Culture and Community Day

Hopkins celebrated Culture and Community Day on Friday, October 12, a day to recognize the diverse backgrounds of our community and to celebrate a united effort to hear and understand each other.

The Hopkins community comes from 80 different nations:
Albania, Algeria, Angola, Antigua and Barbuda, Argentina, Australia, Bangladesh, Belarus, Bosnia and Herzegovina, Botswana, Brazil, Bulgaria, Cambodia, Canada, the Cherokee Nation, Chile, China, the Choctaw Nation, Colombia, Cuba, Denmark, the Dominican Republic, Ecuador, England, Ethiopia, Finland, France, Germany, Ghana, Greece, Guinea, Haiti, Honduras, Hong Kong, Hungary, Iceland, India, Iran, Ireland, Israel, Italy, Jamaica, Japan, Kenya, Macedonia, Malaysia, Mexico, Montenegro, Morocco, Nigeria, Northern Cyprus, Pakistan, Peru, the Philippines, Poland, Portugal, the U.S. territory of Puerto Rico, Romania, Russia, Scotland, Serbia, South Africa, South Korea, Spain, Sri Lanka, St. Thomas, Sudan, Sweden, Switzerland, Taiwan, Tanzania, Thailand, Trinidad and Tobago, Turkey, Ukraine, the United Kingdom, the United States, Uruguay, Vietnam, and the former Yugoslavia.

Members of the Hopkins Student Diversity Board relaunched the Real Talk Series, which aims to promote self expression and empowerment in the Hopkins community. The community is encouraged to share any type of performance, spoken, poetry, song, dance, visual art to share their story throughout the coming school year.

Melody Parker offered a self portrait that represents her multi-racial and multi-cultural background. “The color blocking in black and in white represent the two distinct parts of my identity: my mom is white and Jewish, and my dad is Jamaican.” See Melody's piece in the photos to the right.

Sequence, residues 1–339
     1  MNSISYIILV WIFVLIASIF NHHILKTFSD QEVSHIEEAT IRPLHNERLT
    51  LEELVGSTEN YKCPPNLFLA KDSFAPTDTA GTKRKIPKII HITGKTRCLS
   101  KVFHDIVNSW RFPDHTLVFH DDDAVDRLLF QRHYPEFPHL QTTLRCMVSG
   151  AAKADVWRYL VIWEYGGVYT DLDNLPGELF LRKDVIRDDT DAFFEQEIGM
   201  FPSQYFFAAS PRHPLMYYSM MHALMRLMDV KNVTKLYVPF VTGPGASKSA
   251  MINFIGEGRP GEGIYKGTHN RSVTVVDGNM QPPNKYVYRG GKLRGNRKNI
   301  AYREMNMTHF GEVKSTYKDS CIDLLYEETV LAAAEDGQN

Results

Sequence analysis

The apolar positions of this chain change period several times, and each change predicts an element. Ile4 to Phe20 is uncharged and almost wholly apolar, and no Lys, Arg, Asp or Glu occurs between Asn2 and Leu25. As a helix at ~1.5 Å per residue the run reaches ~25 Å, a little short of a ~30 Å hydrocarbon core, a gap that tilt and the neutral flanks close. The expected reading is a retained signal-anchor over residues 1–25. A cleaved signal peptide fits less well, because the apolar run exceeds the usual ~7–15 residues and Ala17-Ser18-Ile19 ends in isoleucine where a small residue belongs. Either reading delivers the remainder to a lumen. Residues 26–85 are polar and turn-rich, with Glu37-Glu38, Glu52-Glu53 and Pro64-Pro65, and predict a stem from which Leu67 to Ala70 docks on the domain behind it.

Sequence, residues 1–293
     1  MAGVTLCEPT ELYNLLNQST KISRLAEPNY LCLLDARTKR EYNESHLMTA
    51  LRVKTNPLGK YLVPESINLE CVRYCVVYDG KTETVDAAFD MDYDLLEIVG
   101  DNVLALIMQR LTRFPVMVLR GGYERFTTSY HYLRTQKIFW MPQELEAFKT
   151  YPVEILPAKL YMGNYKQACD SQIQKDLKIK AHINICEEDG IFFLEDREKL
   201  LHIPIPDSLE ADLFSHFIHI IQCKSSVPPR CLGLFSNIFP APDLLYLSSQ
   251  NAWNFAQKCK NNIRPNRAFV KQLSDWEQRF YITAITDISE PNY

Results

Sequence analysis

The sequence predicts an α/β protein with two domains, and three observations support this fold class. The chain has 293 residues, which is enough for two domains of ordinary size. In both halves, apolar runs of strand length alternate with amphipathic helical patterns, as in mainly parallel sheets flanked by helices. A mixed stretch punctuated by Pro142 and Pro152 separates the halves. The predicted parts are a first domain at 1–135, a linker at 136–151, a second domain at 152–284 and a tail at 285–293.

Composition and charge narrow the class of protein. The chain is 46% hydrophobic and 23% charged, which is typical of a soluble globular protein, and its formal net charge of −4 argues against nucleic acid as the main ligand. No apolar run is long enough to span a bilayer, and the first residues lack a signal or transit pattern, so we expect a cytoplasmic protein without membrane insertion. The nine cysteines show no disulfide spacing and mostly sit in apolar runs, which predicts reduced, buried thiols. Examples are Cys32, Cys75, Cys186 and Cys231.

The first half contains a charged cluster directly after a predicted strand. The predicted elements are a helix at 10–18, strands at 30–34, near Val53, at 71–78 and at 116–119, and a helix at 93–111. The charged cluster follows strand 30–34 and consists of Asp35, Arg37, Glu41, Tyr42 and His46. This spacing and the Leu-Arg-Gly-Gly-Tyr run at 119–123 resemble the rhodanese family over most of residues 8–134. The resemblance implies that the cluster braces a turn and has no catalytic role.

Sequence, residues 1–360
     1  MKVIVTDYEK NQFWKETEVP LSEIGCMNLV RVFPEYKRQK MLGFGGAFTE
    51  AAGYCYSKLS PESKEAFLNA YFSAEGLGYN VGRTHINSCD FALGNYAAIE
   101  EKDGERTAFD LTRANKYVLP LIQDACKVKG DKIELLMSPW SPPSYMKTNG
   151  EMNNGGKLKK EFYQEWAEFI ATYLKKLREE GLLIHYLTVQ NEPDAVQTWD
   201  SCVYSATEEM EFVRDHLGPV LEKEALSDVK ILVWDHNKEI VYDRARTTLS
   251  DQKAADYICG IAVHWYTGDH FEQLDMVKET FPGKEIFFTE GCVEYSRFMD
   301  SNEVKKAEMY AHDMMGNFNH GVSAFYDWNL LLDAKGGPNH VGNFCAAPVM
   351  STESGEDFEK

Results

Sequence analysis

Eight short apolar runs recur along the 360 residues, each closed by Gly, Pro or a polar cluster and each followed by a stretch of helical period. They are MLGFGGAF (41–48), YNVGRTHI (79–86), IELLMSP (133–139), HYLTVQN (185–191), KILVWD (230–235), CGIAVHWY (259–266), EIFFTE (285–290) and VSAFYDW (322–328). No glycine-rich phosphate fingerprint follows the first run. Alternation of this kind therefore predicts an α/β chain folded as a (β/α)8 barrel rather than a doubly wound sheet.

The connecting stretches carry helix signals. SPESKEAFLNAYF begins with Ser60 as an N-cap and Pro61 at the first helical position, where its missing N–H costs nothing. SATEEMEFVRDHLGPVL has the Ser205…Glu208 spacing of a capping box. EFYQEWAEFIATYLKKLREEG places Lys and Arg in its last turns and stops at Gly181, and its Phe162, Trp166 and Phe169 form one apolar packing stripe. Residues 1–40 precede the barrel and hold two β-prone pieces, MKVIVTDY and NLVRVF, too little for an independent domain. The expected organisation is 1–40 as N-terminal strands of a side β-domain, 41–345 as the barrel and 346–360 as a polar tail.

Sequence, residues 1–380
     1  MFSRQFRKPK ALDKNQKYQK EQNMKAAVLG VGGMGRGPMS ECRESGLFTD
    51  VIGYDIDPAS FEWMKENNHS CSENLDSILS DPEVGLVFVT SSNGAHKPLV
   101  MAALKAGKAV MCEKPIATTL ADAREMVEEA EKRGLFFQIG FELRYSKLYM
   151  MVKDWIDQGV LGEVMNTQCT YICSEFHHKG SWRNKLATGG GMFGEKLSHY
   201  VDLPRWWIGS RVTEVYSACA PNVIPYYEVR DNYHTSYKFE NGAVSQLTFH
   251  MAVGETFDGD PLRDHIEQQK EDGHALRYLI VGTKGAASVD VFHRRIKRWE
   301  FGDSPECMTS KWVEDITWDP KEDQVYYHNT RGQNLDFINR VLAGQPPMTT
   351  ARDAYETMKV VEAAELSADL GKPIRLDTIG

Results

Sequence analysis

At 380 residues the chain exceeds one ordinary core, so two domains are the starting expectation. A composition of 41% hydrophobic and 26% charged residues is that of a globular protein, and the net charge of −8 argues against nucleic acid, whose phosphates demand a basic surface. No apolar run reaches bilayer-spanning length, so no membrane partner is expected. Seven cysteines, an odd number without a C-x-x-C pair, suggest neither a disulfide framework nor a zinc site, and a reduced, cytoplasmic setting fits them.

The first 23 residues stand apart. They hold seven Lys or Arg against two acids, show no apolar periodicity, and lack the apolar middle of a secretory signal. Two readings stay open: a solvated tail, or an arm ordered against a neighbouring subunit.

Livy Burdo ’21 spoke about her family's experience in grappling with the cancer diagnosis of her older brother, Alex Burdo ’15 in a talk titled, “Light in the Shadows.”

Mr. Thom Peters shared a poem, “The Wedding Toast,” which he wrote for his sister-in-law's same-sex marriage from the point of view of an Episcopal Christian.

Sara Amar ’19 shared an essay about her experience and identity as Indian.

Lizabeth Bamgboye ’20 recited a powerful original poem, “The Africa You Know.”

Erin Ellbogen ’19, Fi Schroth-Douma ’19 and Isabel Vlahakis ’19 sang a song of healing, titled “Avila” by the Wailin’ Jennys.


The students closed the assembly with a challenge: “We challenge you today, and always, to listen, to question your perspective, and to actively empathize. And we challenge you, when you have something to say, to speak out.”

Thank you to all the speakers, presenters and organizers from the student and faculty community, as well as the Office of Equity and Community.
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